Who is Buying This Rally?

by | Feb 21, 2013 | General

Is it the “Smart Money” or the other kind?

“We simply attempt to be fearful, when others are greedy and to be greedy only when others are fearful.”– Warren Buffett.

It is easy to know when everyone is fearful—we all seem to panic at the same time—and therefore market bottoms often are “V” shaped. 

Not so with tops. We become greedy over time and for that reason, tops are sometimes long drawn-out affairs. Stocks and industries roll over one at a time until we look back and say, “Oh yea, that was it for the market.”

We don’t know for sure if a market top is forming, but since the last major market bottom was four years ago and gains from there are way over 100%, it makes sense to at least wonder how much is left in the current bull.

Below we compare 2013 with 2009 (a major market bottom) and 2007 (the last major top):

  Feb 2009 Feb 2013 Oct 2007
Past 1 Year Price Change -42.8% +12.1% +12.4%
Past 1 Year Earnings Growth -28.1% +0.9% +9.4%
ValueLine’s Market Potential +185% +45% +40%

The similarities between now and 2007 are interesting. In fact 2007 looked better since earnings had not yet stalled out as they have in the last year. 

The most intriguing series is the last one, showing the potential stock market gains in the next 3 to 5 years. ValueLine has been making this calculation since 1964 and while it is of little interest most of the time, when it pushes to extremes it pays to listen. +45% may not look like an extreme reading, but this number never goes negative—the lowest I’ve ever seen is 30%. This reflects the long-term bullish bias in the stock market. Most of the time the Market Potential fluctuates between 70% and 100%.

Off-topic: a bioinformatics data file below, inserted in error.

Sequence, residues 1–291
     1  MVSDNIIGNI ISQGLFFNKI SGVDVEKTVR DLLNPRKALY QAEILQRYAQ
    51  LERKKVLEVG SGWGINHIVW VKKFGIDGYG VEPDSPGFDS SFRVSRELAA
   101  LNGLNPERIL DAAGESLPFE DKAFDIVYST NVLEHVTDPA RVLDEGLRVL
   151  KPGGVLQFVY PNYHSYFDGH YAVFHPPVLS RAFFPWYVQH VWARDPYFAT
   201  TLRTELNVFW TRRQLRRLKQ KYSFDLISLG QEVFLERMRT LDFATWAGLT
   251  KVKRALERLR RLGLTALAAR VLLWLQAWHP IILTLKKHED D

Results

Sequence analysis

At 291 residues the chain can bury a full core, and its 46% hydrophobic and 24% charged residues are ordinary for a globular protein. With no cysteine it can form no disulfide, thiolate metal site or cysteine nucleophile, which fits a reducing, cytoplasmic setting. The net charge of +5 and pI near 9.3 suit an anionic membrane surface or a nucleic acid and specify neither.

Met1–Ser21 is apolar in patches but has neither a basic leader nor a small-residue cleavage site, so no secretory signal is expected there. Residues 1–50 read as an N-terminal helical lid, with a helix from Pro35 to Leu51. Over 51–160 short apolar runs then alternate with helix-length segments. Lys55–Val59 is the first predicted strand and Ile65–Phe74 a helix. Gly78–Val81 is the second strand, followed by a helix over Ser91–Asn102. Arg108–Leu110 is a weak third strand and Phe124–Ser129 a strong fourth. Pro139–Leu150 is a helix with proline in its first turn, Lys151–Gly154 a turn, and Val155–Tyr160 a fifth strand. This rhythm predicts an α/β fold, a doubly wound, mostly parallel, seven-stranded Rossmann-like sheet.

However, when it gets below 50% we should expect much less from stocks and when it jumps past 150% we should be buyers.

But what about the question posed in our title? I’m concerned that some of those buying this market enthusiastically are investors who have been watching from the sidelines for much of the last four years. We think it might be late in the day to play catch-up.

Our caution concerning stocks has not helped our performance this year, although we continue to make money at a respectable rate. We would be delighted to be wrong in our caution and if the indicators we are watching turn up, we will be buyers. But until then our focus will be on preserving client capital rather than working hard to increase it.

Best regards,

Daniel A. Ogden

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